8 Important and Mandatory Parts of Yoga

8 Important and Mandatory Parts of Yoga, eight limbs of yoga, 8 limbs of yoga, 8 limbs of ashtanga yoga, eight limbs of ashtanga yoga

Introduction ~ 8 Important and Mandatory Parts of Yoga

8 Important and Mandatory Parts of Yoga. I’m sure most of us are attempting to do Yoga as an exercise. Ashtanga Yoga is not a workout. Yoga has eight important and mandatory parts. This is to tone both your body and mind. Eight limbs of Yoga are known as Ashtanga Yoga in Hinduism. Ang – Parts (sometimes known as limbs).

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8 Limbs of Yoga

All eight components of Yogic Practice are required. Today, however, we do Yoga solely to tone our bodies and live a healthy lifestyle. We are back into worldly things and stressed after a Yoga Session. Let’s take a closer look at these eight indivisible components of Yoga. Beginner Ashtanga yoga.

1. Yama – Moral Practices (Don’ts).

Yama is the first crucial concept to understand before beginning Yoga. In Hinduism, this leads human life to Ethical rules and might be termed moral needs. These are the Dos and Don’ts. Yamas are further subdivided into five parts.

1.1) Ahinsa (अहिंसा) – Being Non-Violent

Ahinsa is the act of not being violent to any other living creature. Harming any live creature is banned in Hinduism.

Harm should never be deemed protective. They are not the same thing. However, unless you are faced with an extreme situation. Don’t be violent to anyone. This, in my opinion, is the proper attitude to Ahinsa; otherwise, the country will perish.

1.2) Satya (सत्य) – Being Truthful.

Satya is completely honest. You must be truthful in order to tone your thoughts. Being real adds significant value to your life while also maintaining mental stability.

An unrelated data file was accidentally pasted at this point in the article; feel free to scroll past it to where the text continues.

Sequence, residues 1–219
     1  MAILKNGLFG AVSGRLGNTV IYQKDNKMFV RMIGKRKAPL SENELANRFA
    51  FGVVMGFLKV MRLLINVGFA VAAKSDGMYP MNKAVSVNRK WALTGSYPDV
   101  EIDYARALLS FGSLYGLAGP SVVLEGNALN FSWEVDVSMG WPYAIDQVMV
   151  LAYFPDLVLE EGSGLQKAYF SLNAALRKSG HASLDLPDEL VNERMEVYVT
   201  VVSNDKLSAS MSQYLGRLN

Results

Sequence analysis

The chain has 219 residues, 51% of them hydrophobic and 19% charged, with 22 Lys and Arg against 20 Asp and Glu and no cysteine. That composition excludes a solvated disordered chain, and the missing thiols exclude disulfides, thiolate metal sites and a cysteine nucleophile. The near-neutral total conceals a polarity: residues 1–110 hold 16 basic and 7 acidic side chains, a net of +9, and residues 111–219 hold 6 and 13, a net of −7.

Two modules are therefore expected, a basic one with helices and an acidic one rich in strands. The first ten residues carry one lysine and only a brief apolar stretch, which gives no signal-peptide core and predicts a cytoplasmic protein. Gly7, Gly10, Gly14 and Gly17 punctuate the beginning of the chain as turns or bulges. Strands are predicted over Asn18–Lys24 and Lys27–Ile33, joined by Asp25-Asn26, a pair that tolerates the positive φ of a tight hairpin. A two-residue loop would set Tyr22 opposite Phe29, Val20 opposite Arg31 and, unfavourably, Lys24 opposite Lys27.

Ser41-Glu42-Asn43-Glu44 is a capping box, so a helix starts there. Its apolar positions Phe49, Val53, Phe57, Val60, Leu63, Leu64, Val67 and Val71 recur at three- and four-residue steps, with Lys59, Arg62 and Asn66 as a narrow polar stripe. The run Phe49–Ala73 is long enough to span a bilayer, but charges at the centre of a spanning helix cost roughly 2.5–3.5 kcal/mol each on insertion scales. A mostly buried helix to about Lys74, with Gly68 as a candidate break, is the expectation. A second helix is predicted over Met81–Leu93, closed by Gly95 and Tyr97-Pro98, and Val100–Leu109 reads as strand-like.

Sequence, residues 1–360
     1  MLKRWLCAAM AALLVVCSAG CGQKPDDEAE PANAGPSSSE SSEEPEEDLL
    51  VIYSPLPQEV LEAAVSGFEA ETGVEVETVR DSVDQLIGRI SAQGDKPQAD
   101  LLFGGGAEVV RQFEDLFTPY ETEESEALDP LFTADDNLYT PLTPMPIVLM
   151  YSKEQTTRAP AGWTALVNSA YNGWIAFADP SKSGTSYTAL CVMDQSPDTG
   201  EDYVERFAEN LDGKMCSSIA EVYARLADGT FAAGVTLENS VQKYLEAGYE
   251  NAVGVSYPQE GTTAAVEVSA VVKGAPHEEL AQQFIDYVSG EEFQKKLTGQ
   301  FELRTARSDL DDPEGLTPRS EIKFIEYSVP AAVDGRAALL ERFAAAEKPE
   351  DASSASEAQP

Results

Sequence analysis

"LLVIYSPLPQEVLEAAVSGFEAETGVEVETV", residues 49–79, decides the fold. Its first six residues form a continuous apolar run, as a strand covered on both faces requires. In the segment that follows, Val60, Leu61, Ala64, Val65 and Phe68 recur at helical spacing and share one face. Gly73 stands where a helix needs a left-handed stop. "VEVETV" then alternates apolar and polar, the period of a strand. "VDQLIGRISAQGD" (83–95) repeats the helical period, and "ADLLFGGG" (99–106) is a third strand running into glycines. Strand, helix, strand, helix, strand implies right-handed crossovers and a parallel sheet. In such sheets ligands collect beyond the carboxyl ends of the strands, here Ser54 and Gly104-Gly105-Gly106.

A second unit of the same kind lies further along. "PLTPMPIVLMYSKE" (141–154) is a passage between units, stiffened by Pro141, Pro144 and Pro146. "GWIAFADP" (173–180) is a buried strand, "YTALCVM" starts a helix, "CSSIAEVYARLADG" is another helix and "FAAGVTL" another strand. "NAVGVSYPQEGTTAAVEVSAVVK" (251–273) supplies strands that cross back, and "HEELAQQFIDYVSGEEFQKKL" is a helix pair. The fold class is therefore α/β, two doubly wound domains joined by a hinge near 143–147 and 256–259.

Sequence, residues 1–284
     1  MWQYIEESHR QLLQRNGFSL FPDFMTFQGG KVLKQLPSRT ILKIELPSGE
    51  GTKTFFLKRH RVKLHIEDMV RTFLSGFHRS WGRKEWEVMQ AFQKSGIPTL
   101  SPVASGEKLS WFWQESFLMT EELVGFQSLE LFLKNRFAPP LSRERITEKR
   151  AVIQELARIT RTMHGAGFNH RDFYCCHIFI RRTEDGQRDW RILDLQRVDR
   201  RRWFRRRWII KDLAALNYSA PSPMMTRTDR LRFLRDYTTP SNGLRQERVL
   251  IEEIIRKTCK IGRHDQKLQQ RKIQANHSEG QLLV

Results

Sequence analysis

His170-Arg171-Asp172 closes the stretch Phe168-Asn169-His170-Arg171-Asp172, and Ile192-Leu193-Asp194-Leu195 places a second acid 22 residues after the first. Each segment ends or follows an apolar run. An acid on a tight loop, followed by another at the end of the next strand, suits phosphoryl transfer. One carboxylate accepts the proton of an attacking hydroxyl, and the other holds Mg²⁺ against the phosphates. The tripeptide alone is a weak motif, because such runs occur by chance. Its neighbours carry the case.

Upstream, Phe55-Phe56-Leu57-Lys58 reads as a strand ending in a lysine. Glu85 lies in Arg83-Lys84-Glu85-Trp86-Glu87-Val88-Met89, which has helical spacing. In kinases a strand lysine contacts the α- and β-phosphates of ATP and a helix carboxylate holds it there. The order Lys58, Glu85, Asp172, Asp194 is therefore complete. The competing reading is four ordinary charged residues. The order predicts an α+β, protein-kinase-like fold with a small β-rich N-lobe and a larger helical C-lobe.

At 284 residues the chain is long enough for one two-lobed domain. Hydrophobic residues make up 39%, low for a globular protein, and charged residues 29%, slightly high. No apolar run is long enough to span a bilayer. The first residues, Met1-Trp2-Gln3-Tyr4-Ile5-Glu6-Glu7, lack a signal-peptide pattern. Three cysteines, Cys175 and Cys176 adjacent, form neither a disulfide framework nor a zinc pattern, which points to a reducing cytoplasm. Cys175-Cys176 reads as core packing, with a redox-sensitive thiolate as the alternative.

You’re lying, and you’ll always be concerned about getting discovered. This will simply throw off your mental equilibrium.

1.3) Asteya (अस्तेय) – Non-Stealing

It is against the law to steal something that belongs to someone else. Someone who steals will never have a stable mind. He will either constantly consider stealing or be terrified of being caught.

Non-stealing gives you an additional ethical morality of self-satisfaction. If you are content with what you have, you can achieve mental stability.

1.4) Brahmacharya (ब्रह्मचर्य)

Acquiring knowledge and detaching oneself from sexual desires. This is significant because the more you learn, the more stable your thinking gets.

Sexual impulses just serve to undermine your mental stability. Sex is necessary for reproduction and generation growth. A mind that is constantly looking for ways to satisfy sexual urges, on the other hand, will take a less than optimal path to mental stability.

1.5) Aparigraha (अपरिग्रह) – Being Non-Possessive

Possession of someone or something is not advisable for a steady mind. Some things are beyond your control or that you may not always perceive to be yours. You must let them go because when you get possessive, you seek to exert control over others. You deviate from the path of mental stability.

Yama’s five divisions are intended to help you grow as a person. You will have completed the first step of Ashtanga Yoga if you perform these.

2. Niyama – Habits to Practice (Do’s)

Niyama are the rules for healthy Yoga habits to practice. Niyama means “following the rules.” Niyama is further subdivided into six segments.

2.1) Shaucha (शौच) – Purity of Body, Clearness of Mind

This is referred to as purity. The body, mind, and speech must all be clear. Yoga can be practiced with a clean and healthy physique. At the same time, your thoughts should be clear, and your speech should be in sync with them.

2.2) Santosha (संतोष) – Self-Contentment

Self-satisfaction is a discipline that might help you maintain your morale. You are conscious of your situation, and you should be aware that someone else’s situation is not the same as yours. Acceptance of other people’s points of view or situations is required. Don’t pass judgment.

If you are conscious of your circumstances, you realize that the situation will pass or that you must accept it positively in order to get out of it.